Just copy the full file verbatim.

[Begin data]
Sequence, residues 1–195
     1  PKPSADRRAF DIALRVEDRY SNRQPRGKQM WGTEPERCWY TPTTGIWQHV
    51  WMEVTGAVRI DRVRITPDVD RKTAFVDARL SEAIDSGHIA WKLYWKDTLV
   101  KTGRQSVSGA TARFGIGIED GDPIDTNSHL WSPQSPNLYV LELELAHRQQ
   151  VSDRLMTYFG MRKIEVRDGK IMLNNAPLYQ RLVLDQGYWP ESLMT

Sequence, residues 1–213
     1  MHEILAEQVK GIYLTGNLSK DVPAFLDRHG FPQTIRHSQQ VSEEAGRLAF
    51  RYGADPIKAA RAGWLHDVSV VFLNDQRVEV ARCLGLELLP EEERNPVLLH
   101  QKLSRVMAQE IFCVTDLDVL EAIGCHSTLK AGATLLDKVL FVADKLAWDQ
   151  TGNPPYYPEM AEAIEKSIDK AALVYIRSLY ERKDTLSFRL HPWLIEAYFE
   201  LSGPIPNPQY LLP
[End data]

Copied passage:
Sequence, residues 1–195
     1  PKPSADRRAF DIALRVEDRY SNRQPRGKQM WGTEPERCWY TPTTGIWQHV
    51  WMEVTGAVRI DRVRITPDVD RKTAFVDARL SEAIDSGHIA WKLYWKDTLV
   101  KTGRQSVSGA TARFGIGIED GDPIDTNSHL WSPQSPNLYV LELELAHRQQ
   151  VSDRLMTYFG MRKIEVRDGK IMLNNAPLYQ RLVLDQGYWP ESLMT

Sequence, residues 1–213
     1  MHEILAEQVK GIYLTGNLSK DVPAFLDRHG FPQTIRHSQQ VSEEAGRLAF
    51  RYGADPIKAA RAGWLHDVSV VFLNDQRVEV ARCLGLELLP EEERNPVLLH
   101  QKLSRVMAQE IFCVTDLDVL EAIGCHSTLK AGATLLDKVL FVADKLAWDQ
   151  TGNPPYYPEM AEAIEKSIDK AALVYIRSLY ERKDTLSFRL HPWLIEAYFE
   201  LSGPIPNPQY LLP